My cousin is dying from breast cancer. The cancer has metastasized like a personal wildfire throughout her body leaving her a shell of her vibrant, youthful self. She’s not the first person to ever have their body betray them in such a horrific way, nor is she the first in my family. My great grandmother and aunts have all had the Scarlet B emblazoned on their chest as if some sort of twisted right of passage.
I remember sharing my family health history with my doctor. I was in for a routine check-up but was curious about genetic testing. After hearing about Angelina Jolie and a close friend undergoing testing, I thought it might be a practical choice for me. He scoffed and told me, “don’t worry, you’re much too young. Plus, it’s so expensive to undergo genetic testing.”
He dismissed my fears as if I had come in complaining about a paper cut. But I, a 25-year-old woman at the time, was concerned and terrified that I was next. That I was stuck in a game of Russian Roulette without ever opting in to play. Because he was a doctor, a person with much more medical knowledge than me, I accepted his words like so many of us do, and continued on about my life.
Health disparities between Black and white women in the US have existed for what feels like forever; however, they were first recognized 30 years ago. Today, even though we- Black women- are less likely to be diagnosed with breast cancer, we are still much more likely to die from the disease than our white counterparts. Did you know that Black women are 42% more likely to die from breast cancer than white women? That’s a significant increase compared to 1990 when we women were 17% more likely to die from breast cancer than white women.1
Why such a big difference? Overall, Black and white women develop breast cancer at similar rates, however, we tend to face much harder diagnoses. For one, we are more likely to develop breast cancer before the age of 40. Not to mention we also have higher rates of triple-negative breast cancer, one of the most aggressive types of the disease.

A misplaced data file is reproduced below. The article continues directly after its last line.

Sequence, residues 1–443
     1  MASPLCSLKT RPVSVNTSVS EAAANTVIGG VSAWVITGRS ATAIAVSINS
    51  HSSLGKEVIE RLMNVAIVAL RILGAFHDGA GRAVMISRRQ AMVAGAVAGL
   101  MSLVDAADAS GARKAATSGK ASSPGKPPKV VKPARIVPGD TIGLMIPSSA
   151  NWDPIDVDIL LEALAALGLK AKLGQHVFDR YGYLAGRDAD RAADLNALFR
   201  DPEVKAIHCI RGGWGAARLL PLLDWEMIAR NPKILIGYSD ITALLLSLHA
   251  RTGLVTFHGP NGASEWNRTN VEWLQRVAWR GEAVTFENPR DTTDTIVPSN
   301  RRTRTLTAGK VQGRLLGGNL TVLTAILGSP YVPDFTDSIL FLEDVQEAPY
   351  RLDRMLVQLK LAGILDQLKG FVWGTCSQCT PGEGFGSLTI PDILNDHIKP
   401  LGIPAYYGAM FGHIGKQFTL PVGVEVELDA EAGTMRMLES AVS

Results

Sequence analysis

Beyond our biological risk factors, we may face multiple barriers in accessing prevention and early detection services plus we also have lower screening rates when compared to white women, causing doctors to detect our cancers at a later, more aggressive and life-threatening stage. It’s… a lot.
“I’m convinced that we Black women possess a special indestructible strength that allows us to not only get down, but to get up, to get through, and to get over.” – Janet Jackson
As a Black woman, I’m constantly second-guessed, dismissed, and outright ignored by society. However, where you’d hope I’d be the most heard, the most visible, the most believed would be at my doctor’s office; but that’s where my invisibility cape is most active. I wish the culprit was a personality flaw, but it’s a serious issue with a deadly domino effect. Our healthcare system fails to provide all women- especially Black women- with the adequate medical care we demand and deserve. We are notoriously left out of the national women’s health conversation and deserve more personalized content to drive behavior change and start to change these odds.
The good news is that there are resources like Bright Pink. That’s why in 2018, I chose to work for this organization- an organization I truly believe has and will continue to make a difference in helping to empower women to live their best lives. Reeling with confusion about my own future, and not being able to find resources dedicated to my specific risk factors (i.e. being Black), I began thinking about how those resources would look and feel. That was the genesis for Hey Sis– an effort to amplify and highlight the unique risk factors and barriers that we- Black women- face when dealing with our breast and ovarian cancer risk.
Bright Pink believes that knowledge is power; that risk awareness can be the catalyst for women to access more frequent screening, pursue genetic testing, and access treatments not routinely recommended to the general population. These actions can greatly improve all women’s chances of preventing cancer and detecting it in its most treatable stage. Because everyone deserves the opportunity to live a healthier life, no matter who they are.
And sis, that includes you too. So shine on sis, shine on.
Hey Sis highlights the risks Black women face specifically by featuring personal breast and ovarian health experiences from Black women, personalized health recommendations for the Black community, progress being made to address these barriers, and more. Join us, follow along, and share with the women in your life; from your mama, sisters, cousins, and even your brunch squad- spread the word about Hey Sis. We’re stronger when we all work together in pursuit of the bright future every woman deserves.